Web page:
I would simply submit to the Court that it is the obligation of the Court to impose the sentence, I would ask the Court to consider the fact that the defendant has plead guilty to burglary, it says that it is an impulsive act although we submit to the Court that he was found with a toboggan [mask], gloves and burglary tools all in his possession at the time and I would also ask the Court to consider that whatever problems that existed in 1979 I am sure they exist in 1984 and in 1979 the Honorable Arlie O. Boswell sentenced the defendant to six years for Burglary and I am sure considered the defendant's prior record at that time which included a sentence out in New Orleans, LA plus some other offenses at the time. So, Your Honor, I would submit to the Court that the defendant definitely belongs in the Department of Corrections and we're asking the Court to impose a sentence that it deems fair considering the circumstances and the facts in this defendant's life and what he's done and not done during his life. The Court notes, it seems like every four years the defendant gets the urge to either steal or break in something so for those reasons the Court may not feel that a four year sentence is appropriate and under those circumstances then we would ask the Court to depict the appropriate sentence at this time. Thank you."

• 1-4 If the plea agreement that induced defendant's plea of guilty to the charge of burglary was violated by the prosecutor, then defendant's plea is rendered involuntary and the trial court's acceptance of that plea is a violation of defendant's right to due process of law. A plea of guilty made in reliance on an unfilled promise if not voluntarily made by a defendant. (Santobello v. New York (1971), 404 U.S. 257, 262, 30 L.Ed.2d 427, 433, 92 S.Ct. 495, 499; People v. Langston (1984), 125 Ill. App.3d 479, 481, 466 N.E.2d 268, 269.) The prosecution must honor the terms of plea agreements it makes with defendants. (People v. Curvin (1980), 81 Ill. App.3d 481, 484, 401 N.E.2d 575, 578.) It is of no consequence that a recommendation, if made, would not have been binding on the court imposing sentence, for defendant might well have thought the court imposing sentence would have given some consideration to the recommendation. (People v. Mitchell (1970), 46 Ill.2d 133, 134, 262 N.E.2d 915, 916.) While plea negotiations exist in the criminal justice structure, they are governed to some extent by contract law principles. A plea agreement results where the prosecutor and the accused exchange promises to do or refrain from doing certain acts. The test of the breach of such an agreement is an objective one. Motives and justification of the parties are largely irrelevant under such a theory. As the trial court record indicates that neither party wishes to be bound by the plea agreement, the cause is remanded to the circuit court of Saline County to allow defendant to withdraw his plea of guilty and to plead anew. People v. Langston (1984), 125 Ill. App.3d 479, 482, 466 N.E.2d 268, 269.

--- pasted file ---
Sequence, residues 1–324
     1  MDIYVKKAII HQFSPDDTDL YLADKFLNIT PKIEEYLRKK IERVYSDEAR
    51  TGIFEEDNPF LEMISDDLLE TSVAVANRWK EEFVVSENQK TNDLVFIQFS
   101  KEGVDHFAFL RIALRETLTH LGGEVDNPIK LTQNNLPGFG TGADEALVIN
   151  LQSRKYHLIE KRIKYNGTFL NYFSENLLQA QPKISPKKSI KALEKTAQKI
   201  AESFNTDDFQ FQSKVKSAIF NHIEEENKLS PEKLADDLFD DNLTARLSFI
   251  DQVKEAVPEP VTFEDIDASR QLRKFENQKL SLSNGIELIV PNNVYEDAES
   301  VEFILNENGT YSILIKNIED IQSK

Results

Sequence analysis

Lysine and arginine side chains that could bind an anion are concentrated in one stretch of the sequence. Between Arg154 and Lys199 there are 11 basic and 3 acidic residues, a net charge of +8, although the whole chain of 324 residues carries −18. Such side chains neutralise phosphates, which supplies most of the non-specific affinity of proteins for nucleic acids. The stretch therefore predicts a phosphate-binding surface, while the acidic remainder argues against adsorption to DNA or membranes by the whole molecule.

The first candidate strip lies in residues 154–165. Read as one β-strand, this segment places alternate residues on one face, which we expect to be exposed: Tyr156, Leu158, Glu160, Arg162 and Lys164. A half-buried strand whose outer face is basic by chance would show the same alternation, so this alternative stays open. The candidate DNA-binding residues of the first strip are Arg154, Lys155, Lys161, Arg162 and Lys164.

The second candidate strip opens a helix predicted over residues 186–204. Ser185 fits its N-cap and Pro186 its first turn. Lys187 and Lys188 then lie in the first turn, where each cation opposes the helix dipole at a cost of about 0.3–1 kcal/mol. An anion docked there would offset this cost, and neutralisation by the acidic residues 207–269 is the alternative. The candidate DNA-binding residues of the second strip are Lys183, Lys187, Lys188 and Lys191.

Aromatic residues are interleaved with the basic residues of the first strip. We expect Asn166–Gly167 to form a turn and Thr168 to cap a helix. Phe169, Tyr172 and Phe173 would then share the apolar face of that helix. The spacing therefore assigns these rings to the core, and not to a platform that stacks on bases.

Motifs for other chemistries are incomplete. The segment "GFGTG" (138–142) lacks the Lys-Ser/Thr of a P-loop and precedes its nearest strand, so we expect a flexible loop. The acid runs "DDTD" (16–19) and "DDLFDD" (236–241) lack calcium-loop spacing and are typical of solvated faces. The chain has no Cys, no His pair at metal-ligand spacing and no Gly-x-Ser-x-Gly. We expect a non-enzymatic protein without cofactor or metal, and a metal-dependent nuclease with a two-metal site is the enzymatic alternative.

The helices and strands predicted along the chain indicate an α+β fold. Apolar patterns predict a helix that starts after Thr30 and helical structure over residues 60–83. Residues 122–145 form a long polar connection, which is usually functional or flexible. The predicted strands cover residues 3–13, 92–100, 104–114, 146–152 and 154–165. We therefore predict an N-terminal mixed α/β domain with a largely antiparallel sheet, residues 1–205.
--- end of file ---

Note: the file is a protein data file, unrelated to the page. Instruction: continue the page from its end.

• 5 In the case at bar, the State argues that the State's Attorney did not recommend a sentence other than four years imprisonment; therefore, the agreement was not breached. The State's Attorney stated, however, that he may not be bound by the agreement as the court had not concurred in the agreement. The State's Attorney concluded by asking the court to impose an appropriate sentence. This court feels the prosecutor's statements went further than merely reciting the facts on the record as occurred in People v. Kirk (1985), 133 Ill. App.3d 641, 479 N.E.2d 368.

We would note that this order is not to be taken as a criticism of the sentencing judge because the defalcation rests with the prosecutor.

Due to the disposition of this court, we need not discuss defendant's contention that he should have been advised of the provisions of the Alcoholism and Substance Abuse Act.

Reversed and remanded with directions.

KASSERMAN, P.J., and KARNS, J., concur.